The Board agreed that freedom of capital movement would promote growth and improve resource allocation over the longer run. Some Directors considered that liberalization of the capital account should be undertaken gradually in economies where financial markets were not well developed, banking sectors were fragile, or macroeconomic imbalances had not been corrected. Directors stressed, however, that a phased approach should not lead to undue delays in capital account liberalization, especially since the latter could serve as an impetus for financial reforms and strengthen the domestic financial system. Some Directors observed that measures to limit short-term foreign-currency-denominated borrowing by banks might be justified on prudential grounds, and that broader measures to discourage excessive short-term debt-creating or portfolio inflows might prove useful in some circumstances. Capital flow restrictions should, however, be viewed as temporary measures and not as a substitute for stronger adjustment efforts.
At the time of the March 1996 review of the World Economic Outlook, Directors welcomed the continued growth momentum in the developing world as a whole and its remarkable resilience to external disturbances. Directors looked for growth to remain buoyant, but to slow slightly, during 1996 in Asia—allaying to some extent earlier concerns about overheating and current account deficits. Nevertheless, macroeconomic and exchange rate policies would need to reflect the challenge that managing large capital inflows posed for many emerging market countries. In the developing countries of the Western Hemisphere, growth was expected to recover following successful adjustment efforts by countries affected by the Mexican crisis, while in the Middle East improved regional stability was seen as enhancing economic growth prospects. For many of the oil-producing countries, however, large—albeit declining—fiscal deficits continued to cloud the outlook. For Africa, Directors welcomed signs of stronger growth, resulting from the stronger macroeconomic and structural policies implemented by a number of countries in recent years. At the same time, they cautioned that the economic outlook remained fragile, vulnerable to slip pages in adjustment and reform efforts and to weaker commodity prices.
Policies in Economies in Transition
During the September 1995 discussion, Directors welcomed the improved outlook in some of the transition economies, noting the extent to which economic performance had varied depending on progress in macro-economic stabilization and structural reform. In a number of the countries more advanced in the transition process, output was expanding vigorously, and Directors agreed that policies should aim at sustaining growth and disinflation, continuing structural reforms, and, in particular, deepening the role of market-oriented principles. In countries where progress with stabilization and reform remained inadequate or fragile, however, Directors saw economic activity as likely to continue to decline. These countries, it was believed, needed to concentrate on achieving or consolidating macroeconomic stabilization and on establishing market-oriented institutions.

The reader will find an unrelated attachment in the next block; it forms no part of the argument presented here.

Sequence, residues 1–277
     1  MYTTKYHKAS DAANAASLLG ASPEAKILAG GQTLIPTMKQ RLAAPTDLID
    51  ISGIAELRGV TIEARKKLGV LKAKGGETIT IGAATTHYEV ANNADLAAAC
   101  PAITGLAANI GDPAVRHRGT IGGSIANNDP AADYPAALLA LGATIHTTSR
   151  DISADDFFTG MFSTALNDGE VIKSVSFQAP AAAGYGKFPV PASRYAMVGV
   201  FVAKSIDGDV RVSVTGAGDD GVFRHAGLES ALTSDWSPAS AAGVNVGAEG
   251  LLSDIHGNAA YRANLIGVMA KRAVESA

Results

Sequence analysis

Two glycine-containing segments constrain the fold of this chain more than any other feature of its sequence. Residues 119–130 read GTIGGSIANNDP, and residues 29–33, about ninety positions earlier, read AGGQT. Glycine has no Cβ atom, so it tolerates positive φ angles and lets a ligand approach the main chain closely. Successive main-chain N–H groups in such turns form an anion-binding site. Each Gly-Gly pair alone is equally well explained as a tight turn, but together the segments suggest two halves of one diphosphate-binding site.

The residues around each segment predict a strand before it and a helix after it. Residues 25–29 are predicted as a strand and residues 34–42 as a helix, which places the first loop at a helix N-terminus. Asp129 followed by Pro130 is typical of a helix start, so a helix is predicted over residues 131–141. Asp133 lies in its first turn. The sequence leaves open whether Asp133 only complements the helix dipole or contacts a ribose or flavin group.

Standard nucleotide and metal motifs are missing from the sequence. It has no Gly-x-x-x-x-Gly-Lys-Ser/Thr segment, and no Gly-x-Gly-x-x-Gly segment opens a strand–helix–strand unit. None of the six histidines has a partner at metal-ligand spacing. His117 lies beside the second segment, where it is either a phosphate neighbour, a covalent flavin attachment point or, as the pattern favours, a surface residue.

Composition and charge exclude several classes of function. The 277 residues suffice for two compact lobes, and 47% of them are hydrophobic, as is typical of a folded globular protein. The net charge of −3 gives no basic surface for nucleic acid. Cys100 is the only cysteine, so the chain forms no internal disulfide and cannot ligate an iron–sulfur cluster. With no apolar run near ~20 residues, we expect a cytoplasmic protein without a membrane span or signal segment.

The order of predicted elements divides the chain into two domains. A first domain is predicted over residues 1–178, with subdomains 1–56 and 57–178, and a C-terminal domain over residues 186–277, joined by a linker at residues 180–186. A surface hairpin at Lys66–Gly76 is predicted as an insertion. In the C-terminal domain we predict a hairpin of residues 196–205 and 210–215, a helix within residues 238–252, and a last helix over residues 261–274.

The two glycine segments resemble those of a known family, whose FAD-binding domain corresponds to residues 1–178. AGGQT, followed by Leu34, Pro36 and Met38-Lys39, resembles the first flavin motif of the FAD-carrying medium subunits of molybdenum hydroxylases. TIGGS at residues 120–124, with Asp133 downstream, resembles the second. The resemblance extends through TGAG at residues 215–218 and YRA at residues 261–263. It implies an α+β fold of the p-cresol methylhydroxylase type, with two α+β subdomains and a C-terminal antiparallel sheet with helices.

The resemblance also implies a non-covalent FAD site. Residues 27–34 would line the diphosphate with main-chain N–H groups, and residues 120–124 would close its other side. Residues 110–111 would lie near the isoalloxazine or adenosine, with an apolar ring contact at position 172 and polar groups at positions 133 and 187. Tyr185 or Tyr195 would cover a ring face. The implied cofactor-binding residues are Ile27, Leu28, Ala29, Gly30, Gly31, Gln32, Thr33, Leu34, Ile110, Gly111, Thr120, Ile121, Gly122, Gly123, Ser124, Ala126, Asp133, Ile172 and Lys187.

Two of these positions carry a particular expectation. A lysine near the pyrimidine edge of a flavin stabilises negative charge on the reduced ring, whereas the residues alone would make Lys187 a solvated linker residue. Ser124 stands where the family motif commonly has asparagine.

Directors expressed concern about the fragility of the banking system in almost all of the transition economies, including in some of those most advanced in the transition process. They agreed that a comprehensive banking and enterprise reform strategy was necessary to resolve problem loans early on. Weaknesses in the banking system should be addressed through strengthened banking supervision, improved assessment of credit risk, more stringent capital requirements, and greater participation by foreign banks to spur the modernization of domestic banking practices. Banking sector reform would improve corporate efficiency in the enterprise sector, which, in turn, would further strengthen banks by increasing the number of economically viable borrowers. In the meantime, where banking crises emerged, they needed to be dealt with promptly and in a manner that discouraged their recurrence.
During their March 1996 discussion, Directors welcomed the improved growth prospects and the progress that had been made toward financial stabilization in many transition countries. They noted that robust growth in many of the countries more advanced in transition, where inflation had been reduced significantly, underscored the importance of financial stabilization. In most countries less advanced in transition, output had either stabilized in 1995 or was expected to stabilize in 1996. Directors urged the authorities in these countries to persevere with disciplined financial policies and structural reforms so as to provide the basis for sustained growth. In that context, Directors pointed to the importance of the resolute implementation by Russia of its program supported under the extended Fund facility.